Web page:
Obtaining a link from a valuable site can do much to boost the ranking of certain keywords. However, getting links from other types of sites can fail to move the needle or, worse still, can
“tank” existing rankings badly. Therefore, considerable care must be taken with link-building processes to ensure that quality sites are found and bad ones are avoided.
Here are some of the ways to spot a quality site (and avoid the bad ones).
Industry or Sector Relevance
Beyond the real heavy hitting sites that are so huge and well-known that they have a “raise all boats” effect on ranking, it’s necessary to pay attention to the industry or sector that a site is in.
When you’re dealing with a site that has content that’s all over the spectrum, that’s a red flag. Many sites that link out all over the place, or have negligible (or no) traffic, necessarily publish content on seemingly every topic to generate as much revenue from paid links as possible.
Sticking to sites within the same industry or sector whittles away at the ones that aren’t worth paying attention to.
No “Write for Us” link in the Navigation or Footer
Sites that are actively looking for free content will usually have a “Write for Us” page and link to it in their top navigation or the footer navigation. SEOs may search in Google using operators that specifically find such sites advertising that they effectively sell links.
Whatever your stance is on paid links – almost all links are paid these days in some fashion as site owners now realize the value of a single link. The “Write for Us” page is a bad signal. The problem with it is that it attracts far too many guest post opportunities. These posts usually aren’t marked as “promotional” because they were paid for, which is another red flag with Google.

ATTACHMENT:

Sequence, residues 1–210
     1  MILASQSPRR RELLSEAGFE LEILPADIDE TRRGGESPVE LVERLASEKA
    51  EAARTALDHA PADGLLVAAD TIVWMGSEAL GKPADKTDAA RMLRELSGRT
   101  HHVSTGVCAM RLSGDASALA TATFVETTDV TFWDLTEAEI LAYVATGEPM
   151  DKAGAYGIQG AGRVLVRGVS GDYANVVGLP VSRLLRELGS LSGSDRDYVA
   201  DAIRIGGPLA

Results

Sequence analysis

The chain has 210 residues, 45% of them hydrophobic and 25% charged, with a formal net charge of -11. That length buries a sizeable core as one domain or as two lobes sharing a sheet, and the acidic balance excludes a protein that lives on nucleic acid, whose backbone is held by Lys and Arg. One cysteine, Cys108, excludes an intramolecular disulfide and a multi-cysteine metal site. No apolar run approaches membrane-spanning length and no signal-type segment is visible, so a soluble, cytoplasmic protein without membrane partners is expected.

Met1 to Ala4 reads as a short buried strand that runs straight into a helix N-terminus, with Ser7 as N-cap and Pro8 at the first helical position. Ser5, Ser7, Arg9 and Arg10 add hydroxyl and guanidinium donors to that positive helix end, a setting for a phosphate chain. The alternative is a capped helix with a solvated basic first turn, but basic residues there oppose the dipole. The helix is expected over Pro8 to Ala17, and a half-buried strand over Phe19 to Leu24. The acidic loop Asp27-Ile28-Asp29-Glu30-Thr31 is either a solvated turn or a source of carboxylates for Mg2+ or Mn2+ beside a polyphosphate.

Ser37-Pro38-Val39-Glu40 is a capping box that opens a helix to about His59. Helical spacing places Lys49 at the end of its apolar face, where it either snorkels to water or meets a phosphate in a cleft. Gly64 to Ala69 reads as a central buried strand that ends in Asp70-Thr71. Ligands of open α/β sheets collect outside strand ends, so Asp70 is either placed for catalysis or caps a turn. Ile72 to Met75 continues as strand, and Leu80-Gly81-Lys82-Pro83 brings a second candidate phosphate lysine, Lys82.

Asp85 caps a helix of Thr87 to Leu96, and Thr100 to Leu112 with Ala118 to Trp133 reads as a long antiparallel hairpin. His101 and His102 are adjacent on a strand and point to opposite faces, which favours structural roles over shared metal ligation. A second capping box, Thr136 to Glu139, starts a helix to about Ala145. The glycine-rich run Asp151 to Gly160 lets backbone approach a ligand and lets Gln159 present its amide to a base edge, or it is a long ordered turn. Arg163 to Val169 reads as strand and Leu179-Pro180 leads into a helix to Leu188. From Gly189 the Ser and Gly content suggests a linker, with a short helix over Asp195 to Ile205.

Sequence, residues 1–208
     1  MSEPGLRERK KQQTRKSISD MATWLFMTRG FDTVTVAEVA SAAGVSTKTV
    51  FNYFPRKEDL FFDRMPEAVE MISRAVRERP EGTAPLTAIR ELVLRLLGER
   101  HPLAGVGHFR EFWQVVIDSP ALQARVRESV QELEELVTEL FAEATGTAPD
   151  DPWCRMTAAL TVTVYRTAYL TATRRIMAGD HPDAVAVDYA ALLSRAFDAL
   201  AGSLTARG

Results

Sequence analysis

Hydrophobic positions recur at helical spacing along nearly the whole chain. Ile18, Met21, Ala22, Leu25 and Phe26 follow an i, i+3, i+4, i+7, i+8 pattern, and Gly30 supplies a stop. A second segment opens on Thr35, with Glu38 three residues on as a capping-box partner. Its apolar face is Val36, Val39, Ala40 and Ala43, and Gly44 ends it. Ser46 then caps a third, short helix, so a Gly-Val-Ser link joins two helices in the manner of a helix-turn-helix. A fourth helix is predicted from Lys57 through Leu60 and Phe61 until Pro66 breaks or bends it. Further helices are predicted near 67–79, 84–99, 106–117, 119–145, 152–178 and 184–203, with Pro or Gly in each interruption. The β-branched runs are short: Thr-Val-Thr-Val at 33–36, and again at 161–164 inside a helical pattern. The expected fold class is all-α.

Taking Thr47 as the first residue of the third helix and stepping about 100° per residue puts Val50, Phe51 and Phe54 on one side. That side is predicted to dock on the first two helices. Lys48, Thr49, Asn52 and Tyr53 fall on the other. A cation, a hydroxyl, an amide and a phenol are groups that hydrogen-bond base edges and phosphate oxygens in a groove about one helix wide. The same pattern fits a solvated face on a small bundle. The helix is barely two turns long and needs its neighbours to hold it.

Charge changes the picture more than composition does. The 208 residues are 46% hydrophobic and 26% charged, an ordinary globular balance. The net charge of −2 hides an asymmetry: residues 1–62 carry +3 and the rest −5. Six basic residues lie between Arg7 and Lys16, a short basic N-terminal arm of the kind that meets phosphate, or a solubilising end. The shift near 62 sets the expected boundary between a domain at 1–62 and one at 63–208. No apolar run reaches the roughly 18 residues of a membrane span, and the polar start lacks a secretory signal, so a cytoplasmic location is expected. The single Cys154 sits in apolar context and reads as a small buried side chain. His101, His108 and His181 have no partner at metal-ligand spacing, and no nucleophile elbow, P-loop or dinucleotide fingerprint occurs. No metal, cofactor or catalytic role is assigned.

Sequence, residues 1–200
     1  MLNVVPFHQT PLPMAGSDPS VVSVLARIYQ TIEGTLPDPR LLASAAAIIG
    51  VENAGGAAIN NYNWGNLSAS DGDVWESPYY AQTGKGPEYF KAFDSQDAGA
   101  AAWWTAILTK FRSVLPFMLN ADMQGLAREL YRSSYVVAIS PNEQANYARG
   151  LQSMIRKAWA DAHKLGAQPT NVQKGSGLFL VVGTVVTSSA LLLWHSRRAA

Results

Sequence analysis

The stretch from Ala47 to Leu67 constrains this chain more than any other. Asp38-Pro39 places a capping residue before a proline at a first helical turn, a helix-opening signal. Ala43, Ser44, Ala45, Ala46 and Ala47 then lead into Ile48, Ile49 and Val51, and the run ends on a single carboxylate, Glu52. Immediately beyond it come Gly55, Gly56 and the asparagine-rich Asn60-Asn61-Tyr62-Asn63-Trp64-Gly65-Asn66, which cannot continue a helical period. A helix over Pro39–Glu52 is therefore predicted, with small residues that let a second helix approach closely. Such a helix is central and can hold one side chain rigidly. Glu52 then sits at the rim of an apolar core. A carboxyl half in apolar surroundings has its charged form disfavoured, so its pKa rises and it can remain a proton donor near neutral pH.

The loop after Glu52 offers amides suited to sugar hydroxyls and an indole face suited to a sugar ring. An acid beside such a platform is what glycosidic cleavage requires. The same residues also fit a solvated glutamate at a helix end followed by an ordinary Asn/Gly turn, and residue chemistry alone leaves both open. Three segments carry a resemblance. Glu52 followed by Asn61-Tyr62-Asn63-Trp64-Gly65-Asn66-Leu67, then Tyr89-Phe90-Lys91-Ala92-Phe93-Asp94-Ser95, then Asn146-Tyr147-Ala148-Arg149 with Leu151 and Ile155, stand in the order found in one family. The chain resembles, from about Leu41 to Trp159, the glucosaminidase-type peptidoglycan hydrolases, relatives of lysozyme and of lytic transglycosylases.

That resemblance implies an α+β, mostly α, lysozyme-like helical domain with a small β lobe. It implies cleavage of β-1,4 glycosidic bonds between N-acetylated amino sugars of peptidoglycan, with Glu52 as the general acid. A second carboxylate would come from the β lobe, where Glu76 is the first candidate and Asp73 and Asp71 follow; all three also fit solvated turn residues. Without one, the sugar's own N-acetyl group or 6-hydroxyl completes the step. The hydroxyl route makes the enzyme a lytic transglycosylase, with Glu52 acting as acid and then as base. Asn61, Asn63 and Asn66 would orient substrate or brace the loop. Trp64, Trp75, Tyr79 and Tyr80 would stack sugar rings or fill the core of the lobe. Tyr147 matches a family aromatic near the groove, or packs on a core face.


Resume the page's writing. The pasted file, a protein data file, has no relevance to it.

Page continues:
You want to avoid having any link from a site that links out often, but has few links from other sites pointing to it. A ratio of 5 to 1 or lower for outbound to inbound links is advisable. Use Ahrefs or SEMrush to look up the number of links going in either direction.
How Compelling is the Content?
Content should be beneficial to the reader. While it can be shorter, even down to 500 to 600 words, it still must answer the question asked or provide an informed response. Ideally, it should provide a solution and not talk in generalities too.
Determine the estimated average time on site to see if people are visiting and leaving quickly, or sticking around for at least a minute or longer? The SimilarWeb tool – there’s a browser extension for it – allows free lookups of sites to view their estimates.
Examine Traffic Country Mix
When your business or site is aimed at US audiences, then it’s valuable to gather links from sites that have a similar audience.
Obtaining a link from a site where almost all the audience originates from Eastern Europe or Asia won’t do much for you. It may also look odd to Google when the link is from a site that doesn’t have much US traffic because there isn’t a logical reason for it.